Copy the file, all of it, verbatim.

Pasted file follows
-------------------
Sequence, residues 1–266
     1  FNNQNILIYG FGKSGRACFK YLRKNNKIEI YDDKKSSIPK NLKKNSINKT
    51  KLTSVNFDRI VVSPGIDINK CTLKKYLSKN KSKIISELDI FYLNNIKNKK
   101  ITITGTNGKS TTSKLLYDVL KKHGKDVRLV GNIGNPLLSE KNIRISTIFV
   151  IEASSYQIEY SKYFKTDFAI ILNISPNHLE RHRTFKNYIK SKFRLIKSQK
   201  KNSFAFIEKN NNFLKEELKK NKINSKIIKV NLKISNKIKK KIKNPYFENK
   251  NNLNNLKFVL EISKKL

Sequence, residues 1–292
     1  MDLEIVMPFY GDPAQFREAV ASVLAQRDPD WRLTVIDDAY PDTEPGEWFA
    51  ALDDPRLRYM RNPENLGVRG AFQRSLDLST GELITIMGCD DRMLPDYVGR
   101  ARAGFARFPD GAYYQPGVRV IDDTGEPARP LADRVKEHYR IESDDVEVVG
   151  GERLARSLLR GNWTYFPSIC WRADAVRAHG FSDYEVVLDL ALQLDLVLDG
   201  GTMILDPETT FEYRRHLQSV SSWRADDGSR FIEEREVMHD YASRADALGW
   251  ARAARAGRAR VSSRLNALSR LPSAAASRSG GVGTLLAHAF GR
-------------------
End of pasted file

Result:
Sequence, residues 1–266
     1  FNNQNILIYG FGKSGRACFK YLRKNNKIEI YDDKKSSIPK NLKKNSINKT
    51  KLTSVNFDRI VVSPGIDINK CTLKKYLSKN KSKIISELDI FYLNNIKNKK
   101  ITITGTNGKS TTSKLLYDVL KKHGKDVRLV GNIGNPLLSE KNIRISTIFV
   151  IEASSYQIEY SKYFKTDFAI ILNISPNHLE RHRTFKNYIK SKFRLIKSQK
   201  KNSFAFIEKN NNFLKEELKK NKINSKIIKV NLKISNKIKK KIKNPYFENK
   251  NNLNNLKFVL EISKKL

Sequence, residues 1–292
     1  MDLEIVMPFY GDPAQFREAV ASVLAQRDPD WRLTVIDDAY PDTEPGEWFA
    51  ALDDPRLRYM RNPENLGVRG AFQRSLDLST GELITIMGCD DRMLPDYVGR
   101  ARAGFARFPD GAYYQPGVRV IDDTGEPARP LADRVKEHYR IESDDVEVVG
   151  GERLARSLLR GNWTYFPSIC WRADAVRAHG FSDYEVVLDL ALQLDLVLDG
   201  GTMILDPETT FEYRRHLQSV SSWRADDGSR FIEEREVMHD YASRADALGW
   251  ARAARAGRAR VSSRLNALSR LPSAAASRSG GVGTLLAHAF GR